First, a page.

California’s stance on gun control is changing drastically. Several new laws that were recently passed place more restrictions on how guns and firearms are handled. Governor Jerry Brown recently signed these six new stricter gun control bills into law. Brown sees the new laws as a way to improve public safety while also protecting the rights of current law-abiding gun owners.
Restrictions on Ammunition
Two of the new laws involve restrictions on owning and purchasing ammunition. Senate Bill (SB) 1235 requires those who purchase ammunition for guns to undergo a background and driver’s license check. Purchasing ammunition would enter the buyer into a database that is monitored by the Department of Justice.
Those prohibited from purchasing ammunition would be flagged in the database when attempting to buy ammunition. Businesses that sell ammunition would have to be licensed. A person or business who violates this law is guilty of a misdemeanor and faces a fine of up to $1,000 and/or 364 days in county jail.
SB 1446 makes it illegal for a person to have a gun or firearm magazine that holds more than ten rounds. Starting July 1, 2017, anyone who owns a magazine capable of holding more than ten rounds would need to either sell the magazine to someone outside of California or to a licensed firearm dealer, turn the magazine over to police, or destroy it.
Failure to get rid of the magazine would result in a fine of up to $100 for the first offense. A second offense is punishable by a fine of up to $250, and a third offense by up to $500.
Closing the Loophole
Some of the new laws are meant to close a “bullet button loophole.” California previously banned the sale of guns with detachable magazines. However, gun manufacturers were able to get around the law by creating firearms where an empty magazine could be released with the press of a button through the use of a small tool, like a bullet.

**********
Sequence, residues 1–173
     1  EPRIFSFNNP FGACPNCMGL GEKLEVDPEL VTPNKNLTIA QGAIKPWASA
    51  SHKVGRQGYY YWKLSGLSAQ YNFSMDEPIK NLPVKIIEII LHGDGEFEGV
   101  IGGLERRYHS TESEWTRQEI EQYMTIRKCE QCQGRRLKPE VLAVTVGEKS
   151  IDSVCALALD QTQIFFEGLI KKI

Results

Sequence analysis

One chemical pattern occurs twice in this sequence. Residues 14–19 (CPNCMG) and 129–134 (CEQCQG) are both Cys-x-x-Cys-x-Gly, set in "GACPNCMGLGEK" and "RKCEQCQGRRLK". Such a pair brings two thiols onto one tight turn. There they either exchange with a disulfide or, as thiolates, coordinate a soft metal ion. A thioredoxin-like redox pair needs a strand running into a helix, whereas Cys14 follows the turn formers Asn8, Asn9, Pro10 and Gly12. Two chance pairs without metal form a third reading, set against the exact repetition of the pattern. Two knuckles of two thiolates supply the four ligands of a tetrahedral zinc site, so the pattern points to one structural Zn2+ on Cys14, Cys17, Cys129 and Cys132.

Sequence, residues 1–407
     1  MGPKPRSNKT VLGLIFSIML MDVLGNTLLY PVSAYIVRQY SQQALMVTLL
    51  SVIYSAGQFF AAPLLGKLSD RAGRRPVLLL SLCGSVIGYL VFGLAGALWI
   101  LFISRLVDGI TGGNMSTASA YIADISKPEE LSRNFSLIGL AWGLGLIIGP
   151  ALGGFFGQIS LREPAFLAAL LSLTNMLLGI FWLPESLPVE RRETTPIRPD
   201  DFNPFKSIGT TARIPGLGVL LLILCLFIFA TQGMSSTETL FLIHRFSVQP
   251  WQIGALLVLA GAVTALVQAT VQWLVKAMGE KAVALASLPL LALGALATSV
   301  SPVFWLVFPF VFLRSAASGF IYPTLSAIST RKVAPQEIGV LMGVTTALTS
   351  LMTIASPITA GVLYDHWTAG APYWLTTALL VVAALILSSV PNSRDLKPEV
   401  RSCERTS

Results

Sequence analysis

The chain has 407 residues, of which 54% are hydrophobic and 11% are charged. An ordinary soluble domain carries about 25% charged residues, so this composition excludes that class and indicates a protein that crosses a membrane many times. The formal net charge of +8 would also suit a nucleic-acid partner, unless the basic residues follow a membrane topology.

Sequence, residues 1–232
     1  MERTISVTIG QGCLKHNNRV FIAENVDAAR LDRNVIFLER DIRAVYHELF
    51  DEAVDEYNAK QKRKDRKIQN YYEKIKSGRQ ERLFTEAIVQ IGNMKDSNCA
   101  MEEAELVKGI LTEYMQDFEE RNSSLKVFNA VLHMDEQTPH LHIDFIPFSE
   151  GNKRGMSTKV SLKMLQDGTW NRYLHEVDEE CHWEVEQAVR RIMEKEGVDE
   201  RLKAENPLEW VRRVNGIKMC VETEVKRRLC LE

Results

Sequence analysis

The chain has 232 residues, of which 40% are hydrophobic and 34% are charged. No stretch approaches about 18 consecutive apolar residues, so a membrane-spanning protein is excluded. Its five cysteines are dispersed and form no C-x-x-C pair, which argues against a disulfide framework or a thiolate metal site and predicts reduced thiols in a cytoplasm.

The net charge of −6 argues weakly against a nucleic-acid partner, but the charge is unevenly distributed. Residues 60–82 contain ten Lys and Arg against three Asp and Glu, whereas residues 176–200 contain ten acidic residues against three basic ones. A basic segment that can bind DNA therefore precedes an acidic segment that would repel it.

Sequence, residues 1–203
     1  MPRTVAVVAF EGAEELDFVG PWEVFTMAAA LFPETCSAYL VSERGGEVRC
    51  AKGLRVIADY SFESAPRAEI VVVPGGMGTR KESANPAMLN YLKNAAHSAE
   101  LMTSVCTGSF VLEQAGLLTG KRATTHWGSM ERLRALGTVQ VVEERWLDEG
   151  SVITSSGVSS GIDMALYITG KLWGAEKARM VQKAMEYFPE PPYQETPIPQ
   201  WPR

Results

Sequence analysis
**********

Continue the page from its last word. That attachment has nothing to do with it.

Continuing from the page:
These weapons will now be considered “assault” weapons under SB 880 and Assembly Bill (AB) 1135. Assault weapons are now considered semi-automatic rifles or pistols with magazines that could easily be detached and reinserted using a bullet button. If you own an assault rifle after January 1, 2017, you face felony charges that carry a punishment of up to 364 days in jail.
AB 1511 limits who a person can loan a firearm to. Firearms can now only be loaned to immediate relatives, spouses, or domestic partners. It was previously possible to loan a firearm to someone you knew personally for no longer than 30 days.
AB 1695 makes it a misdemeanor to falsely report that your firearm was stolen. If you falsely report a stolen firearm, you are banned from buying another firearm for ten years. If you possess a firearm within this ten-year ban, you face up to 364 days in custody and up to a $1,000 fine.
Contact the Criminal Defense Attorneys at Wallin & Klarich
Have you or a loved one been accused of violating California gun laws? You should contact an experienced criminal defense attorney today. At Wallin & Klarich, our skilled defense attorneys have over 35 years of experience advising our clients and successfully defending them against criminal gun charges.
With offices in Los Angeles, Orange County, Riverside, San Diego, San Bernardino, Sherman Oaks, Torrance, Ventura, Victorville, and West Covina, you can find a dedicated Wallin & Klarich attorney available to help you no matter where you work or live.
Call us at (877) 4-NO-JAIL or (877) 466-5245 for a free phone consultation. We will get through this together.